One of the coolest power-user Mac features of the Apple Silicon era is Apple’s virtualization framework. Normally empowered by paid software such as Parallels Desktop or VMWare Fusion, virtualization allows you to run multiple operating systems simultaneously on a single Mac, which is useful for anyone who wants to use Linux on top of macOS, test an app they are developing in different versions of macOS, or check out the latest macOS Ventura beta without risking their main install.
Apple’s documentation and sample projects provide everything you need to get a simple VM up and running without the need for additional software. Still, some independent developers have built simple, free apps on top of the virtualization framework that provides a GUI for tweaking settings and juggling multiple guest operating systems.
Ready to virtualize
My favorite for running macOS on top of macOS is VirtualBuddy, which streamlines the process of downloading the files you need to get a Monterey or Ventura virtual machine up and running. This is the app we will be using to set up our sample VM in this guide.
Another app worth checking out is UTM, which uses the virtualization framework to run ARM operating systems on top of the ARM version of macOS, but also provides an easy-to-use front-end to the QEMU emulation software. QEMU can emulate other processor architectures, including but not limited to x86 and PowerPC. Like all emulation, this comes with a performance penalty. But it’s an interesting way to run old OSes on a shiny new Mac, and UTM’s VM gallery includes sample VMs for many Linux distributions, classic Mac OS, and Windows XP and Windows 7.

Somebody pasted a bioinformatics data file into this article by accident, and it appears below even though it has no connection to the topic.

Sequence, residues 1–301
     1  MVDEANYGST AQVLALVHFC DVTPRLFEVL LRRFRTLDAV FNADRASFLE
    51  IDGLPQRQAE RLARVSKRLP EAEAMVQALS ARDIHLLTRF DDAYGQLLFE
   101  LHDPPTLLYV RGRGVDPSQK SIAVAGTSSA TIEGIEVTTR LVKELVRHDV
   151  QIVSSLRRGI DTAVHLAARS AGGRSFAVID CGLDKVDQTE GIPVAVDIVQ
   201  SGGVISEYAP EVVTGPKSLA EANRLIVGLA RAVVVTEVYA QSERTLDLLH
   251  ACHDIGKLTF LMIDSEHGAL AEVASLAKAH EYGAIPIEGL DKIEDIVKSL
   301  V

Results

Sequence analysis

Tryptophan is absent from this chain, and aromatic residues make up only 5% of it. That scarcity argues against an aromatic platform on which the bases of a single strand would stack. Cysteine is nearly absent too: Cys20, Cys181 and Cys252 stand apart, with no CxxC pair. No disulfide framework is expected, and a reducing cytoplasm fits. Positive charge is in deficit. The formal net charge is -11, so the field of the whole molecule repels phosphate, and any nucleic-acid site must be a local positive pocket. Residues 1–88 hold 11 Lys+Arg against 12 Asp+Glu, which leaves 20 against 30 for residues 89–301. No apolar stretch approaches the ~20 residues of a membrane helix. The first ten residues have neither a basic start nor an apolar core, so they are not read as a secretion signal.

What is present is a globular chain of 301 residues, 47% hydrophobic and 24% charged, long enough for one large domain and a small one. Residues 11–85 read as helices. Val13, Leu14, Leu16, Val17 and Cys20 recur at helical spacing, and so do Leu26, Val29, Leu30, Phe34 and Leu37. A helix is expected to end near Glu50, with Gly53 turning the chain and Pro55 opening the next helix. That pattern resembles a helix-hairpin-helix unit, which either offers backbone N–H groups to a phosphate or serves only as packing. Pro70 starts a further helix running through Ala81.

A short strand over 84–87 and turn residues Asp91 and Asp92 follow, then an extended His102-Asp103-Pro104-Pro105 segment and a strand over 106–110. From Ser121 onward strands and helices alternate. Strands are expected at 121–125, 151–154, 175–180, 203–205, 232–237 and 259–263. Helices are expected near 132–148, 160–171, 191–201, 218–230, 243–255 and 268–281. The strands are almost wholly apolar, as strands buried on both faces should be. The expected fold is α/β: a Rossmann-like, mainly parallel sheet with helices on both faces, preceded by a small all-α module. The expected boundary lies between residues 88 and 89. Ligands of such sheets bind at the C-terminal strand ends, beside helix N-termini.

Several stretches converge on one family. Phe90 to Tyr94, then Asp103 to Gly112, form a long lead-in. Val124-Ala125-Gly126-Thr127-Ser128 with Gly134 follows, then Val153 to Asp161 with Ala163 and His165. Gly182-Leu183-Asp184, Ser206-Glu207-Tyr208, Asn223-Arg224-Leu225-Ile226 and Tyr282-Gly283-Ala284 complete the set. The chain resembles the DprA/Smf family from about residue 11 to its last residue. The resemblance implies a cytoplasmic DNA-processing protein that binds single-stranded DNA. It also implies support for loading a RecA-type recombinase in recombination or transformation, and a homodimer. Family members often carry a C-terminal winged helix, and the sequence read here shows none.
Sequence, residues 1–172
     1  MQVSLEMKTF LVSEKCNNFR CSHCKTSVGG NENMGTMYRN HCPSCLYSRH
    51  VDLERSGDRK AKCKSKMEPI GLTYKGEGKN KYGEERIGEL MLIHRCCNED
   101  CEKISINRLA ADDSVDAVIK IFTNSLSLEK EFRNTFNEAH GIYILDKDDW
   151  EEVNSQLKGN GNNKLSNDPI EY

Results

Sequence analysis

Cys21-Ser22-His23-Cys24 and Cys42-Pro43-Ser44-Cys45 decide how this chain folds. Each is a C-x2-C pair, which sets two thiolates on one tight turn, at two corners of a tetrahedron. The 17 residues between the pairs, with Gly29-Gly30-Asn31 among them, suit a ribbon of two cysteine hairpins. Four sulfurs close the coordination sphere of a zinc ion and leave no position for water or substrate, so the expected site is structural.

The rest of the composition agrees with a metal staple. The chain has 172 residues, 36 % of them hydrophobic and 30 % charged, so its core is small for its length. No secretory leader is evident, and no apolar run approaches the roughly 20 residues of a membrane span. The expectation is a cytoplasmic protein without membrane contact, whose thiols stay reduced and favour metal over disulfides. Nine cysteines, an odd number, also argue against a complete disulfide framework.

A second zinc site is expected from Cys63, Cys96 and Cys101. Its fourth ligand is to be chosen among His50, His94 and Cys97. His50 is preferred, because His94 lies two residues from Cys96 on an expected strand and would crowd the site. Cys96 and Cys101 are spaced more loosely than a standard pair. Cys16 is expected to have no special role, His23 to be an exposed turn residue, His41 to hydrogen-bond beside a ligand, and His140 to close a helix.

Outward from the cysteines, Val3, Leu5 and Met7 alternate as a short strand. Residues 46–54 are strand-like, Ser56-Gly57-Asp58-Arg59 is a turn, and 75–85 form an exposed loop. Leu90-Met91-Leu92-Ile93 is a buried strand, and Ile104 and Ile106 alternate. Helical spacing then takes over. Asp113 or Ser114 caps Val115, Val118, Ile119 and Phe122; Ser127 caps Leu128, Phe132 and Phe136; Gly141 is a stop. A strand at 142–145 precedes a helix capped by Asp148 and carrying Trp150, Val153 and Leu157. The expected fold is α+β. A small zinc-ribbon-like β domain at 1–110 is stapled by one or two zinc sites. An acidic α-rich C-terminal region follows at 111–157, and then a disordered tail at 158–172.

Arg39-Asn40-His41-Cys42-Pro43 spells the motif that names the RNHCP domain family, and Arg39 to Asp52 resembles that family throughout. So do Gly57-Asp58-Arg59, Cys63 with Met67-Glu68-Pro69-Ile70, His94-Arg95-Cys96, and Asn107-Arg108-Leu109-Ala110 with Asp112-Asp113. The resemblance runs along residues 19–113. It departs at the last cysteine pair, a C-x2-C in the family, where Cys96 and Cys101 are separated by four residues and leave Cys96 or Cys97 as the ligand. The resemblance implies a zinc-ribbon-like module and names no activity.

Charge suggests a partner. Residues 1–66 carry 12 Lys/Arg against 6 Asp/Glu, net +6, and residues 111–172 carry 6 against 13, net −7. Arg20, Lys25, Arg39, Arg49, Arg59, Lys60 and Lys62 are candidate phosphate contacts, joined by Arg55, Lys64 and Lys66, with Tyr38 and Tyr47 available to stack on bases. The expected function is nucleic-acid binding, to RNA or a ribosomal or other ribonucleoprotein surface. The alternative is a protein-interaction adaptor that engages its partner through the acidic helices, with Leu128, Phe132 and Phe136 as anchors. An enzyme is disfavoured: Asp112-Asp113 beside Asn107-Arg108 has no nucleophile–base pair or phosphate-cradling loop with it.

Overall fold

If you want to virtualize macOS Monterey alongside macOS Monterey, you don’t need to download anything else. If you want to virtualize Ventura on top of Monterey, you’ll need to install and run the beta version of Xcode 14 from Apple’s developer site before starting. When I tried this without Xcode installed, macOS tried (and failed) to download additional software to make it work — kind of like macOS has to download extra software when you first run Rosetta. With the Xcode beta installed, everything works as intended (but if you can find a way to get this working without installing a 33GB app that takes over an hour to install, I’d love to know).
Also note the hardware requirements for virtualization. VirtualBuddy and the virtualization framework have no hard and fast requirements other than requiring an Apple Silicon chip for macOS-on-macOS virtualization. But you will be running two completely separate operating systems on the same computer, and that comes with RAM and storage requirements. Personally, I wouldn’t recommend virtualizing macOS on an Apple Silicon Mac with less than 16GB of RAM. And more is better, especially if you also run heavy apps like Xcode next to (or inside) your VM.
By default, VirtualBuddy stores all of its files (including VM disk images) in the Documents folder of your user account. Mac users with limited internal storage may want to change that to an external drive to save space, as the default disk size for new macOS VMs is 64 GB. Any external SSD connected via a 5Gbps or 10Gbps USB connection or the Thunderbolt bus should feel fast enough for most things – I’m using a cheap NVMe SSD in a 10Gbps USB-C case – not exactly this one , but one that looks like it.